Finally, the impact of Levi’s memoir on the collective memory of the Holocaust plays an immense role in Holocaust remembrance. As he brings up in the Chapter 5 dream sequence of Survival in Auschwitz, his sister and her friend are just two of the numerous listeners who have gathered to listen to the story he’s telling, this dream that is also his friend Alberto’s “and the dream of many others, perhaps of everyone” (Levi 60). This shows his intent to share his story to those beyond the sphere of other survivors, allowing him to tell his story first to strangers on the Milan-Turin express train, then to his sister, before finally reaching the general public (Thomson 144-45), successfully expanding the collective memory with his words alone. While his storytelling skills were applauded by his listeners, he did not encounter such warm reactions when he put his words to print. In his search for a publisher, he faced multiple rejections from both American and Italian publishing houses (Thomson 155-57), halting his hopes of reaching a wider international audience with his memoir. He was even rejected by a Jewish-Protestant publishing business as “the moment was not right” (Thomson 157). During his interview with Daniel Toaff on Italian State TV, Levi recalls speaking with a Polish lawyer who translated his answers for the passers-by around them. Levi’s answer regarding his identity was altered, so he was a newly-freed political prisoner instead of being an Italian Jew. When asked, the lawyer reasoned that “ it [was] best for [him]; Poland is a sad country” (Back to Auschwitz).
From this, it is clear that Levi’s prepublished story was capable of contributing to collective memory on a small scale, only reaching a global scale once it was officially published. However, even so, the memoir’s original title of If This Is a Man was changed to Survival in Auschwitz for the American release (Roth 181), so as to promote a new message of strength and survival rather than maintain its psychological implications. Subsequently, Levi became a “national monument” (Thomson 141) in Italy, a member in the public eye who received opportunities for both written (Roth; Thomson) and televised (Back to Auschwitz) interviews, valued for the experiences he had and shared. Hence, despite the challenges Levi faced and the compromises he had to go through in order to bring his story to the public eye, the great influence of Survival in Auschwitz is still highly evident and allowed more people worldwide to share in his memories of the Holocaust.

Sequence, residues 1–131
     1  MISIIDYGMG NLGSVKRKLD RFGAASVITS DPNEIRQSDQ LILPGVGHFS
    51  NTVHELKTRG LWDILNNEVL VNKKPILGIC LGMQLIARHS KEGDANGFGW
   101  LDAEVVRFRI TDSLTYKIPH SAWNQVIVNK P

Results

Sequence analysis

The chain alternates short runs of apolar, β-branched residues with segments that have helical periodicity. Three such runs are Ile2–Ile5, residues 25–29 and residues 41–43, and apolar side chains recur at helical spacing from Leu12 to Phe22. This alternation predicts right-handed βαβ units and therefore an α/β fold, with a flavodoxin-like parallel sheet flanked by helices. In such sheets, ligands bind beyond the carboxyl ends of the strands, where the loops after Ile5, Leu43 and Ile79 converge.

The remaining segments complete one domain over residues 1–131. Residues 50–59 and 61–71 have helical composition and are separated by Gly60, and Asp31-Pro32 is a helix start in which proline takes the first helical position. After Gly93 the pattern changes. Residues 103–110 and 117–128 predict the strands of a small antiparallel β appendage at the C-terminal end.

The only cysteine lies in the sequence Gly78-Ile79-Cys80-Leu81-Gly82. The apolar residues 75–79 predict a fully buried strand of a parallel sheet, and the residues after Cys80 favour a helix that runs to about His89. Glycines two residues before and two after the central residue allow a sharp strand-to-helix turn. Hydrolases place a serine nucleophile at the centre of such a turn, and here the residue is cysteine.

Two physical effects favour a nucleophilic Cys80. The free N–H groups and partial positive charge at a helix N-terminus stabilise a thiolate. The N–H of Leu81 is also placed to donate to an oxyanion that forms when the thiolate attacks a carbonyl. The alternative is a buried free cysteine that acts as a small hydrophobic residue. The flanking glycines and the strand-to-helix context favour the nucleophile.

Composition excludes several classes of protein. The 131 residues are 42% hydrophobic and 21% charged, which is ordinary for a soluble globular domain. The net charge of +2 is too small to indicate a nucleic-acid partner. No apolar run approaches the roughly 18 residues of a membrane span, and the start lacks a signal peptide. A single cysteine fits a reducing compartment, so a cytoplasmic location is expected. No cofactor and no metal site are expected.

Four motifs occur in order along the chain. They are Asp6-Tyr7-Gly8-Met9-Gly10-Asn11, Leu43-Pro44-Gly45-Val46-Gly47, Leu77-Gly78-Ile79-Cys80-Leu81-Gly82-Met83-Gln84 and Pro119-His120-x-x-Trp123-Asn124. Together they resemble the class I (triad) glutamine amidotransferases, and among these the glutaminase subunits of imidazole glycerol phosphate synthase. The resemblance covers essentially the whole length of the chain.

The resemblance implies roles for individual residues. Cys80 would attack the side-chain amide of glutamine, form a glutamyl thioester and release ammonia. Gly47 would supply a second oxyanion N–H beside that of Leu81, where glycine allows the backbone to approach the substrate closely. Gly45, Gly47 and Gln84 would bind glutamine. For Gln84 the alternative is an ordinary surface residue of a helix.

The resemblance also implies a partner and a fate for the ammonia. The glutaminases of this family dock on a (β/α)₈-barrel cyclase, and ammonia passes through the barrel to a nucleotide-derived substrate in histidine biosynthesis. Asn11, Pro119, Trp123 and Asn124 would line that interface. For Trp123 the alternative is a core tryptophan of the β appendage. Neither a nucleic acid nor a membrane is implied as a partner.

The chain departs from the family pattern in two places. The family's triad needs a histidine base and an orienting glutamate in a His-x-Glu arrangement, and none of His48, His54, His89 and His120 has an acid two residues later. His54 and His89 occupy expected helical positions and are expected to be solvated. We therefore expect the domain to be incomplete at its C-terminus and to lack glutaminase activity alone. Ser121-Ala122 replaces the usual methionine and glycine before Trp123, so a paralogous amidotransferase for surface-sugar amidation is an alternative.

In conclusion, Levi’s interpretation of the Holocaust implies a deeper meaning behind its events, one that’s more rooted in the recesses of the human mind. As Thompson points out, “no other work conveys the unique horror of the Nazy genocide more directly and profoundly, or interrogates our recent moral history so incisively” (Thompson 142). Rather than simply looking at his experiences in Auschwitz from a shallower, more literal point of view, Levi suggests studying it with a basis of psychology and morality, and to take it “as a sinister alarm-signal” (Levi 9). Thus, he would disagree with Wiesel’s statement that the Holocaust cannot be understood and to write about it is to “warn the reader that he will not understand either” (Wiesel 18), taking on the opposite viewpoint instead. Chapters 8 and 9 in Levi’s memoir, in which he discusses the Lager’s black market and the two main categories of men—the drowned and the saved, are indicative of his “intense wish to understand” (Roth 180) and his view that the Holocaust was a social experiment conducted to determine “how much of our ordinary moral world could survive” (Levi 86) in the face of dehumanization and the struggle to stay alive. “Auschwitz was the catalyst that turned Levi into a writer” (Thomson 159), and it is because of this that Levi wrote a memoir as potent as Survival in Auschwitz and, while he could not provide all the answers to this question on the strength and longevity of human morality, it is through his memories that he invites us to form our own psychological judgement of this event and develop our own memory of the Holocaust as well.